Spanish Finalist of the EU Health Prize for Journalists

Printing Bodies” (Cuerpos de Impresión) is the Spanish finalist in the 2013 edition of the EU Health Prize for Journalists. The winner will be announced today by Tonio Borg, European Commissioner for Health and Consumer Policy. The finalists, selected from a variety of articles by the National Juries, cover issues related to healthcare and health services.

“Printing Bodies” was written by Marta Palomo and published by Agencia SINC (Information and Scientific News Service), the first state public agency specialising in science, technology and innovation information in Spanish.

The SINC team produces news, reports, interviews and audiovisual materials (videos, photographs, illustrations and infographics). SINC offers its service to journalists, scientists and citizens to shed light on the latest, most relevant scientific developments, with special emphasis on Spanish studies.

All contents produced by SINC have a Creative Commons 3.0 licence, which means that they can be copied, distributed, publicly communicated, changed and be used commercially, as long as SINC is quoted as a source.

Read Marta Palomo‘s full article published by Agencia SINC and translated by the European Commission:

Printing Bodies

They are some way off making hearts, kidneys or livers to order, but scientists are

continuing to experiment with three-dimensional printing of organs and tissue,

from blood vessels to ears. Now, Science reports that scientists from the University

of Oxford have succeeded in printing a material that behaves like real human

tissue, with the ability to respond to stimuli and communicate in the same way as


Doctor Curt Connors lost an arm in the war and, after coming back to his native New

York, he became a scientist obsessed with regenerating missing limbs. Connors ended

up turning into the villainous Lizard, an enemy of Spiderman in the Marvel Comics

universe. He based himself around reptiles as, unlike humans, they are able to

regenerate a limb if they lose it.

“Actually we can regenerate. For example your skin regenerates every two weeks, and

your bones regenerate every 10 years,” states Antony Atala, Director of the Wake

Forest Institute for Regenerative Medicine (USA) in one of the famous TED Talks.

However “it will still take some years before the organs that we’re printing in three

dimensions enter clinical trials with humans”, he explained to SINC.

While the cartoonists Stan Lee and Steve Ditko were dreaming up the character of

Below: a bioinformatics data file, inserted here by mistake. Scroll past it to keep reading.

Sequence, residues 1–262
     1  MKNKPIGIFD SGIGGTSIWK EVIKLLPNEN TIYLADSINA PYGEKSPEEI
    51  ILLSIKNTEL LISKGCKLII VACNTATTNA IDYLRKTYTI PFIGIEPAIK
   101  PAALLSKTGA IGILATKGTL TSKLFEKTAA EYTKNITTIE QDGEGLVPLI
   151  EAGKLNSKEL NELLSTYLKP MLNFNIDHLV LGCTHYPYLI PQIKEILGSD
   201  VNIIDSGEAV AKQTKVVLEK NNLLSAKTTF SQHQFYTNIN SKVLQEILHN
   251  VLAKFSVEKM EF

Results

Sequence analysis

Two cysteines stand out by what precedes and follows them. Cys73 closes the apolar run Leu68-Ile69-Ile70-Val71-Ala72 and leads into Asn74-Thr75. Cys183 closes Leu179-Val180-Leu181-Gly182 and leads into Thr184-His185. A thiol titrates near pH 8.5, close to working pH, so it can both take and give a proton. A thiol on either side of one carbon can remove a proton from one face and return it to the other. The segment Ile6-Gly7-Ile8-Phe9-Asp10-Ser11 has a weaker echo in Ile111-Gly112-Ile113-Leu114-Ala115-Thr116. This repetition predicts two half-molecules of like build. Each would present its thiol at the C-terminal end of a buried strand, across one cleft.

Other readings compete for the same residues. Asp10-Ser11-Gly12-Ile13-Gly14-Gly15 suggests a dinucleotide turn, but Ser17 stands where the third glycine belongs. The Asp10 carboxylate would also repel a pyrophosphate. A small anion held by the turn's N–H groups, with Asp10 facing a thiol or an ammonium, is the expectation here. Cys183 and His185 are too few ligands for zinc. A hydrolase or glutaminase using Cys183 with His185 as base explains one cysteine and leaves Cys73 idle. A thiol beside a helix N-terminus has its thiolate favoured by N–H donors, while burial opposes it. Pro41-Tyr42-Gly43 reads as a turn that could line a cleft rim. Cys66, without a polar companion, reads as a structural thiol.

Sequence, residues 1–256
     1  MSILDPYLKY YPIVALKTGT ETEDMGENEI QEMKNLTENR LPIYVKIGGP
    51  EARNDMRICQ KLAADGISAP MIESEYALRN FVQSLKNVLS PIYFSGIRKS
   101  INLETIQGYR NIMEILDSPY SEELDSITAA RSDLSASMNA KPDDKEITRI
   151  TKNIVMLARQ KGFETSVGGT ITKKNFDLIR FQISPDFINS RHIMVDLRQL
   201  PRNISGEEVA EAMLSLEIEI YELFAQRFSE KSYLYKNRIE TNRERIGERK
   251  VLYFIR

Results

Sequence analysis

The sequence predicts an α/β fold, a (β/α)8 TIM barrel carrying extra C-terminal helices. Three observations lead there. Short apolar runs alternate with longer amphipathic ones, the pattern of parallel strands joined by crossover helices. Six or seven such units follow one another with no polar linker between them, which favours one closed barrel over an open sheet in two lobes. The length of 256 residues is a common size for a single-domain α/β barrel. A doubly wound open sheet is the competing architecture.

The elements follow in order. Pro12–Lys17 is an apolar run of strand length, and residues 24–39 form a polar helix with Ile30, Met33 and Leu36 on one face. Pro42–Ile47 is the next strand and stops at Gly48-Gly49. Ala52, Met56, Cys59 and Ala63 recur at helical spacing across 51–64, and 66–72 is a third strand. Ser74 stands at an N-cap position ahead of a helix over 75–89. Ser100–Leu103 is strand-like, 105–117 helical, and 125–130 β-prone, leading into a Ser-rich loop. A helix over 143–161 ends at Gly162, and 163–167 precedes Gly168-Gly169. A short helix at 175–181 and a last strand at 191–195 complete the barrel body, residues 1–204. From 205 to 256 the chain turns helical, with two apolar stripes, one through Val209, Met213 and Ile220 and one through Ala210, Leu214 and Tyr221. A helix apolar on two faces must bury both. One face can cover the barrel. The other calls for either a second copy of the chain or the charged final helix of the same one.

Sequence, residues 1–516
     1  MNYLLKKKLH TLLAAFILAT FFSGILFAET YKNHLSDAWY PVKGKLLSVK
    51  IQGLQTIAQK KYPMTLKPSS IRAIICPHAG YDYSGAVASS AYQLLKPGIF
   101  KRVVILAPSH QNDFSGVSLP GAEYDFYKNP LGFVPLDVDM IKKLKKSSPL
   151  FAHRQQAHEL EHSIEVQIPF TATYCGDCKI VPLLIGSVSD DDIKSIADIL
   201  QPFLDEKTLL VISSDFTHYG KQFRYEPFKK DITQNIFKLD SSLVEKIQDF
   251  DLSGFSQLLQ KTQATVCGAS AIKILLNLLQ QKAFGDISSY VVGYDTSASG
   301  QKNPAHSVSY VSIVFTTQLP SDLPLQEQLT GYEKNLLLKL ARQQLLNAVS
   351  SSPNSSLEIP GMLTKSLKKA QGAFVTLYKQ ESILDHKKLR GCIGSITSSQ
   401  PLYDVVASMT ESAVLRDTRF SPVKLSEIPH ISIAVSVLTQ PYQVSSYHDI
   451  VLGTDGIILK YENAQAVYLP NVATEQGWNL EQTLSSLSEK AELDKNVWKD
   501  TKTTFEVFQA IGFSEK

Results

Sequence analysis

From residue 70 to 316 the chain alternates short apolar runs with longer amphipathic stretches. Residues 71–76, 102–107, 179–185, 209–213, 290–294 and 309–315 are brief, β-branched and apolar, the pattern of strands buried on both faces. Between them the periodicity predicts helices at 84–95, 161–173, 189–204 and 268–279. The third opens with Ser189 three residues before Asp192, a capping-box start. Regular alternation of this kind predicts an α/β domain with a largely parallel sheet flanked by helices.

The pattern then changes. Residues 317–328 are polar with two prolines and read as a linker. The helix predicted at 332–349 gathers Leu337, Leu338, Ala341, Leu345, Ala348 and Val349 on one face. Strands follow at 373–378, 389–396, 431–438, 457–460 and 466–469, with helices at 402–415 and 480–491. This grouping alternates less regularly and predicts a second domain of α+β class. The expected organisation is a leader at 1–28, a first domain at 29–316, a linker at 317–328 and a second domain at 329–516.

Connors, the real world had already seen the first human kidney transplant. It was in

that decade, the 60s, when tissue engineering was born. Over half a century later, people

walk down the street with tracheas created entirely in the lab, or with urethras and

bladders built in a Petri dish. Scientists throughout the world are starting to play with

3D printers, loading their cartridges not with ink, but with cells.

This week, the journal Science carried a study in which a team from the University of

Oxford, led by the scientist Gabriel Villar, printed a three-dimensional material capable

of imitating the behaviour of real human tissue. It has the consistency of soft rubber,

and physically it resembles adipose and brain tissue. Most interestingly, it is able to

make folding movements and is equipped with communication networks that work like


Villar’s team used a printer to arrange thousands of tiny droplets of water into rows and

layers, which held together thanks to a lipid membrane (i.e. made from fat). This results

in a macroscopic network that makes up “a cohesive material with cooperating microcompartments”

in the words of the researchers.

By including proteins in this lipid layer, the structure can respond to certain stimuli.

“The printed network presented here is functionally analogous to a nerve axon in

enabling rapid, long-distance electrical communication along a defined path”, claim the

authors in their paper.

This material can be integrated into the tissue of live organisms in order to interact with

the individual and the environment, for example “by delivering drugs upon a specific

signal” or even “working to support failing tissues”.

Supply and demand of organs

Like everything, organs wear out as they are used. “While the number of donors

remains at the same level, as life expectancy increases the need for transplants does

too”, notes Anthony Atala. According to this expert, the number of patients needing a

transplant has doubled in the last decade.

“If we were some day able to create organs using cells from the individual themselves,

we would be able to cure many chronic and degenerative diseases on demand”, explains

Mike Renard, Executive Vice President of Organovo, to SINC.

One of the founders of this regenerative medicine company was the scientist Gabor

Forgacs, who in 2008 first used a printer to create functional blood vessels. Organovo

repeated the feat in 2010 with their own printer, which, instead of ink, was loaded with

the cells that make up an artery: endothelial, muscle and fibroblast cells.